You can download Spark here. There are currently two versions of Spark that you can download, 2.3 or 2.4. The current .NET implementation supports both versions, but you do need to know which version you will be using. I would suggest downloading 2.4 at this point. The README for .NET spark shows which versions of Spark are supported, currently any 2.3.* version is supported or and of 2.4.0, 2.4.1, 2.4.3 but note that 2.4.2 is not supported so stay clear of that version.

At the time of this writing, the version of Spark supported by the current Microsoft.Spark is this version.

Once you have chosen the Spark version, you can select the package type, unless you want to compile Spark from source or use your own Hadoop implementation, then select the Pre-built for Apache Hadoop 2.7 and later and then download the tgz. Today, that is spark-2.4.3-bin-hadoop2.7.tgz.

Once it has downloaded, use 7-zip to extract the folder to a known location, c:\spark-2.4.3-bin-hadoop2.7, for example. Again, take note of where you extracted the Spark folder. My Spark folder looks like:

If you have something that looks like this, then you should be in good shape.

Download the Hadoop winutils.exe.

The last step is to download winutils, which is a helper for Hadoop on windows. You can download it from GitHub.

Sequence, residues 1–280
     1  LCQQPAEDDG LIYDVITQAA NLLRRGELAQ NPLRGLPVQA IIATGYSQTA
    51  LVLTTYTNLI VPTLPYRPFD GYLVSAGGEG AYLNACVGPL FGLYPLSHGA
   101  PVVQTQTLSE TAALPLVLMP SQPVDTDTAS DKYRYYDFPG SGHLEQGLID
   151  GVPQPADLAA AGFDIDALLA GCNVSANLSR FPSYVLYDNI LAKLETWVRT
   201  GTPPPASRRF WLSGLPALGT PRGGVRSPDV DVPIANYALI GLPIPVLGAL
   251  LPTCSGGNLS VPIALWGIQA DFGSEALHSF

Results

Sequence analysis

When you have downloaded winutils.exe, you need to put it in a folder called bin inside another folder. I use c:\Hadoop\bin, but as long as winutils.exe is in a folder called bin, you can put it anywhere.

Configure Environment Variables

The final step in configuring Spark is to create some environment variables. I have a script I run from a cmd prompt when I want to use them but can also set system environment variables if you wish. My script looks like this:

What this script does is set SPARK_HOME to the location of the extracted Spark directory, set JAVA_HOME to the location of the JRE installation, set HADOOP_HOME to the name of the folder that contains the bin directory that winutils.exe is put in. Once the environment variables have been set, I add the bin folder from each to the PATH environment variable.

Testing Apache Spark on Windows

To check everything is set up correctly, check that the JRE is available and the correct version:

In a command window, run Java -version then spark-shell. If you have set up all the environment variables correctly you should see the Spark-shell start. The Spark-shell is a repl that lets you run scala commands to use Spark. Using the repl is a great way to experiment with data as you can read, examine, and process files:

When you are ready to continue, exit Spark-shell by typing :q. You use the spark-shell to check that Spark is working. To run a job later, you use something called spark-submit.